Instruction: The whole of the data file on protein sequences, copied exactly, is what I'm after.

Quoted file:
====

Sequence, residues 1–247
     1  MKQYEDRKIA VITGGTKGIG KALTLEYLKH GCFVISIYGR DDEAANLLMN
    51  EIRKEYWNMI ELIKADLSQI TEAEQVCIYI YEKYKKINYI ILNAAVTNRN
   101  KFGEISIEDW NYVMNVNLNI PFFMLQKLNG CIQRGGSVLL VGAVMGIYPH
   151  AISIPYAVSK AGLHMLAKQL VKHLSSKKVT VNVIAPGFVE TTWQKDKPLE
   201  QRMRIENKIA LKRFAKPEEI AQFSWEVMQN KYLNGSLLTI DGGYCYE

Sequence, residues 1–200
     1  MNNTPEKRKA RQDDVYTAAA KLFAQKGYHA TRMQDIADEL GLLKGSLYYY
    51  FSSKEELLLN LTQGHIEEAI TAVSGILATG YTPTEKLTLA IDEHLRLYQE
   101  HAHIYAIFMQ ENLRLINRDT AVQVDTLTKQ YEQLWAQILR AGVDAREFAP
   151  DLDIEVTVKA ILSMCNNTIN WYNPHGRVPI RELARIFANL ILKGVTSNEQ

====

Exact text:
Sequence, residues 1–247
     1  MKQYEDRKIA VITGGTKGIG KALTLEYLKH GCFVISIYGR DDEAANLLMN
    51  EIRKEYWNMI ELIKADLSQI TEAEQVCIYI YEKYKKINYI ILNAAVTNRN
   101  KFGEISIEDW NYVMNVNLNI PFFMLQKLNG CIQRGGSVLL VGAVMGIYPH
   151  AISIPYAVSK AGLHMLAKQL VKHLSSKKVT VNVIAPGFVE TTWQKDKPLE
   201  QRMRIENKIA LKRFAKPEEI AQFSWEVMQN KYLNGSLLTI DGGYCYE

Sequence, residues 1–200
     1  MNNTPEKRKA RQDDVYTAAA KLFAQKGYHA TRMQDIADEL GLLKGSLYYY
    51  FSSKEELLLN LTQGHIEEAI TAVSGILATG YTPTEKLTLA IDEHLRLYQE
   101  HAHIYAIFMQ ENLRLINRDT AVQVDTLTKQ YEQLWAQILR AGVDAREFAP
   151  DLDIEVTVKA ILSMCNNTIN WYNPHGRVPI RELARIFANL ILKGVTSNEQ